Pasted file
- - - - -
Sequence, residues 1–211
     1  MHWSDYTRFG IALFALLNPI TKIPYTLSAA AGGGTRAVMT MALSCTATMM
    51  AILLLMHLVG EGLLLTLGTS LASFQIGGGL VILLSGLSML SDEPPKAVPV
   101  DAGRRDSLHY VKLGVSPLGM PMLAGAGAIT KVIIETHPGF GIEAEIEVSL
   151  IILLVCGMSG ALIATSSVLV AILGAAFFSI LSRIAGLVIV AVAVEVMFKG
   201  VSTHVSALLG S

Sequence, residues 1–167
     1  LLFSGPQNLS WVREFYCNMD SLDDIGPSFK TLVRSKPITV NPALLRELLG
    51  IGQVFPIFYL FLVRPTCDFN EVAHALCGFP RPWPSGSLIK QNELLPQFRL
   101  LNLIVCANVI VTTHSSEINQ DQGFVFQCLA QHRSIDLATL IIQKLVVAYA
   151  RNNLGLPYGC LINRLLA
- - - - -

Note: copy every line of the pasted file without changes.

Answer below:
Sequence, residues 1–211
     1  MHWSDYTRFG IALFALLNPI TKIPYTLSAA AGGGTRAVMT MALSCTATMM
    51  AILLLMHLVG EGLLLTLGTS LASFQIGGGL VILLSGLSML SDEPPKAVPV
   101  DAGRRDSLHY VKLGVSPLGM PMLAGAGAIT KVIIETHPGF GIEAEIEVSL
   151  IILLVCGMSG ALIATSSVLV AILGAAFFSI LSRIAGLVIV AVAVEVMFKG
   201  VSTHVSALLG S

Sequence, residues 1–167
     1  LLFSGPQNLS WVREFYCNMD SLDDIGPSFK TLVRSKPITV NPALLRELLG
    51  IGQVFPIFYL FLVRPTCDFN EVAHALCGFP RPWPSGSLIK QNELLPQFRL
   101  LNLIVCANVI VTTHSSEINQ DQGFVFQCLA QHRSIDLATL IIQKLVVAYA
   151  RNNLGLPYGC LINRLLA